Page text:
Traimate Sangsuwan, MBW, Stockholm University
Siamak Haghdoost and Mattias Mannervik, MBW Stockholm University
Ulrich Theopold, MBW, Stockholm University
David Berger, Uppsala University
Bo Stenerlöw, Uppsala University

Investigation of radiation-induced genetic and epigenetic effects using cultured cells and Drosophila as experimental models: with focus on dose rate

The mechanisms of radiation-induced long-term effects include genetic (mutation) and epigenetic events. In the first article included in the thesis, we have studied the mutagenic effect of chronic low dose radiation focusing on oxidative stress, not direct DNA damage. By measuring a marker of oxidative stress, 8-oxo-dG in the cell culture medium, we showed that low dose rate (LDR) irradiation of the cells in culture induces prolonged oxidative stress that slows down the growth rate. During oxidative stress, free radicals react with DNA, nucleoside triphosphates (dNTPs), proteins and lipids, and modify their structures. An example of a modified nucleoside triphosphate is 8-oxo-7,8-dihydroxy-2’-deoxyguanosine triphosphate (8-oxo-dGTP) which is a mutagenic molecule. The MTH1 and MYH play important roles in preventing mutations induced by 8-oxo-dGTP. MTH1 cleans the cytoplasm from 8-oxo-dGTP and MYH removes 8-oxo-dG that has been incorporated in front of adenine base in the DNA. We established MYH, MTH1 and MTH1/MYH double knock-down cells and exposed them to chronic irradiation. It was found that chronic irradiation-induced point mutations. MTH1 together with MYH plays an important role in protection against mutations induced by modified dNTPs.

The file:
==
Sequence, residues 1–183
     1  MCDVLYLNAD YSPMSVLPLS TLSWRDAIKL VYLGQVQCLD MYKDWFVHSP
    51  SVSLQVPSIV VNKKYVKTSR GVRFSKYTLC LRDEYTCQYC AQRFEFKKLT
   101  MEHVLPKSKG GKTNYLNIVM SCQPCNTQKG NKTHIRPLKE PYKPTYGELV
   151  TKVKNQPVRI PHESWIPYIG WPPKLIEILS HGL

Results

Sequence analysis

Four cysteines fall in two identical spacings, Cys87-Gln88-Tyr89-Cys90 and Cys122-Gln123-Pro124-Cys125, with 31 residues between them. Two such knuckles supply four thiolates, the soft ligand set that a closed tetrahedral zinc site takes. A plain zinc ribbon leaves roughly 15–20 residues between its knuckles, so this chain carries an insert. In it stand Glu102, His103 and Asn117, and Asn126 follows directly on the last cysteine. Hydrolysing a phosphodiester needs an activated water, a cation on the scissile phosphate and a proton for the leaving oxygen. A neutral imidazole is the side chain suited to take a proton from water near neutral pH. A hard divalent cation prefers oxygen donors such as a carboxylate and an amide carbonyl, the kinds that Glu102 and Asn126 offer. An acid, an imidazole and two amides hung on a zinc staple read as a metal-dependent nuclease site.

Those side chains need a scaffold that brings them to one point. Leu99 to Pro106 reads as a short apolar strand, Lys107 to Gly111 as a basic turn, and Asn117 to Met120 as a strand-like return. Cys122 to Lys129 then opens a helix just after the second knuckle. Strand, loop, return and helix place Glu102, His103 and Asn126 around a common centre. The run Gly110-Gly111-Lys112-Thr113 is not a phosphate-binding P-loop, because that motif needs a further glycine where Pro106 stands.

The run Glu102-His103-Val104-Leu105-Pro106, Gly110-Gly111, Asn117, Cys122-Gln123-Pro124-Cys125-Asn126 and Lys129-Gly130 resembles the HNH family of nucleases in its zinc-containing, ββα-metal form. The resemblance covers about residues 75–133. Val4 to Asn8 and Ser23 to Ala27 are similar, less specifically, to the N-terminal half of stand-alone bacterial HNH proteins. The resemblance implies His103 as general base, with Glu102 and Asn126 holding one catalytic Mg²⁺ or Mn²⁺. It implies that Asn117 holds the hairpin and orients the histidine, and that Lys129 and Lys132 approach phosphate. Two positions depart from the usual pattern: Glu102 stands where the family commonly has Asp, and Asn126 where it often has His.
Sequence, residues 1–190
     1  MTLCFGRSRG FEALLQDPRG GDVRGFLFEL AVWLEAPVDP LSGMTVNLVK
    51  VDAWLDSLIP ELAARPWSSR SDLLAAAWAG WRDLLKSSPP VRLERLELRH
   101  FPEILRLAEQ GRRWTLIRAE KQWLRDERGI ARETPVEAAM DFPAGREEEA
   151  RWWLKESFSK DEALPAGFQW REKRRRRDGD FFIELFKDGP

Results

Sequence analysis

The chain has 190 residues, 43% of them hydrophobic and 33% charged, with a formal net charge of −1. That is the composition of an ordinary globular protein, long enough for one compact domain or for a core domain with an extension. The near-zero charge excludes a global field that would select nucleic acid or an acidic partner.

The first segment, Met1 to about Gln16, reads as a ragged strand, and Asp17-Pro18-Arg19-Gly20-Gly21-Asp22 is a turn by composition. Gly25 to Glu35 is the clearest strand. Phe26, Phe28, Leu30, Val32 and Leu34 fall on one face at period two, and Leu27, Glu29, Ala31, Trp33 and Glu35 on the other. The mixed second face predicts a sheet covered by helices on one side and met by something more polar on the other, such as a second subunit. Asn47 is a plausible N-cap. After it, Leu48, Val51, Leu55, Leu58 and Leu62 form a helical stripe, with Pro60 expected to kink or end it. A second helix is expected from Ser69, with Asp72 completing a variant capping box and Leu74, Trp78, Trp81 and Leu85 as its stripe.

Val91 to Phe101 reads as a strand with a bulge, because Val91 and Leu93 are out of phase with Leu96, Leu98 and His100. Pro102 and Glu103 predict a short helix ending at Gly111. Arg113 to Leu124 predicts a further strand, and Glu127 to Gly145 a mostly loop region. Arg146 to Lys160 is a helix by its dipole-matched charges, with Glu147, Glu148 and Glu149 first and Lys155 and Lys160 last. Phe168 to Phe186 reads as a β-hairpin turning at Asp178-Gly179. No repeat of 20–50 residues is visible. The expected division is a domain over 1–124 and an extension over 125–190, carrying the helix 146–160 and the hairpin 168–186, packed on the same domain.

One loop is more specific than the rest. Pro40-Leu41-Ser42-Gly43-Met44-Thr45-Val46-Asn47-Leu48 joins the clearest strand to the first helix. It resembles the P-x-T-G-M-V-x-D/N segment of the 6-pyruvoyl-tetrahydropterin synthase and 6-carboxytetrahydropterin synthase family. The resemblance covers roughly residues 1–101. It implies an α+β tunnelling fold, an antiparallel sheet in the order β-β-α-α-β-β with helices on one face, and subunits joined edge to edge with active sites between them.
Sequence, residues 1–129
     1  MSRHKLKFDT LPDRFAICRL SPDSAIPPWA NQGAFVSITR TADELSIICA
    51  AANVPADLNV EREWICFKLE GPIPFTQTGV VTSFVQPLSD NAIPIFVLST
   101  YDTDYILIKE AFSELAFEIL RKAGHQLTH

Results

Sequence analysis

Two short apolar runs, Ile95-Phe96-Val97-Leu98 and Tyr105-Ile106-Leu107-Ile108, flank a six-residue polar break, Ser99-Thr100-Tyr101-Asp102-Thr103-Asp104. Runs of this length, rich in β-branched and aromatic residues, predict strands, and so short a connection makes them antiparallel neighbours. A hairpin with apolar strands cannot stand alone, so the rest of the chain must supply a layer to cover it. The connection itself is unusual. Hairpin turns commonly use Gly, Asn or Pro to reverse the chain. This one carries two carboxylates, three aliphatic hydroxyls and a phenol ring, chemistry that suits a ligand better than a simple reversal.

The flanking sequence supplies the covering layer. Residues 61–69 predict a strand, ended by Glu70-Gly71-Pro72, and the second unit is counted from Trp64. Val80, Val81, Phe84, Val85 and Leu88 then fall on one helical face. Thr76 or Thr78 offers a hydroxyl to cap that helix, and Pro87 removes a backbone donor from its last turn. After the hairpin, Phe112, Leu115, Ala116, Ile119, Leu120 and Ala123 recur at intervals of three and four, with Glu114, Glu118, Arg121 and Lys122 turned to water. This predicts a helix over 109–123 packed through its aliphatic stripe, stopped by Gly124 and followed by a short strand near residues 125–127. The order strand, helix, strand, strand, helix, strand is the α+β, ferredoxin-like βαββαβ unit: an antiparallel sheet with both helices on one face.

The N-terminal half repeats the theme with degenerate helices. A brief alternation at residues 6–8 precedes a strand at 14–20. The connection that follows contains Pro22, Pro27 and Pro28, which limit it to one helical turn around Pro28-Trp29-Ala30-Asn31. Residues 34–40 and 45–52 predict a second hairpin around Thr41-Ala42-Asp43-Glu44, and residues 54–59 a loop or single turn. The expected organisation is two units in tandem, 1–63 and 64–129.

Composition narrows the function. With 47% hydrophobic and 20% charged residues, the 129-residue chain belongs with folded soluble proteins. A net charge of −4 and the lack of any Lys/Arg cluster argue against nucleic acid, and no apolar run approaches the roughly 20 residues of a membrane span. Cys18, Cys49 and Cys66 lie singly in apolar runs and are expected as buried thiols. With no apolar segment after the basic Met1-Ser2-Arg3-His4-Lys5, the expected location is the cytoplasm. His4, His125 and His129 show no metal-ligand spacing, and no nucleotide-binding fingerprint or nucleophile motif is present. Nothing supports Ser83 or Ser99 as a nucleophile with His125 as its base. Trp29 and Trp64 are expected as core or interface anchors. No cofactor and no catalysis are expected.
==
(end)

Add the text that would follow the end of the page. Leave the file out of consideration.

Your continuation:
To study epigenetic effects, Drosophila embryos were irradiated with different doses at different dose rates and the development process from embryos to adults was followed. The adults that developed from irradiated F0 early stage embryos were followed up to 10 generations (F10). The embryo is a container of highly proliferative cells where different organs are developed through genetically controlled mechanisms. If the process of development is disturbed, it might lead to persistent alteration in the organism. The alteration could be at the level of gene mutation or epigenetic. Epigenetic processes are important during embryo development for maintenance of cell differentiation. The cellular memory and gene regulations are important mechanisms of epigenetic events. We hypothesize that the long-term chronic exposure of embryos to LDR will not reduce their survival but it could induce persistent phenotypes that can pass through generations.

Embryos from wild-type Drosophila melanogaster, w1118 were irradiated at different stages of zygote, blastocyst and during organogenesis with chronic LDR and high-dose-rate (HDR). We investigated the early and late toxicity effects of exposure. Studies at the level of embryo survival clearly showed that the early stage embryo is the most sensitive stage of the embryogenesis. The late post-irradiation effects such as larval movement behavior or pupation height behavior were also investigated. We found that a certain type of depigmentation on males (A5 segment of the dorsal abdomen) can pass through several generations. We will now use molecular approaches to understand the underlying mechanism/s.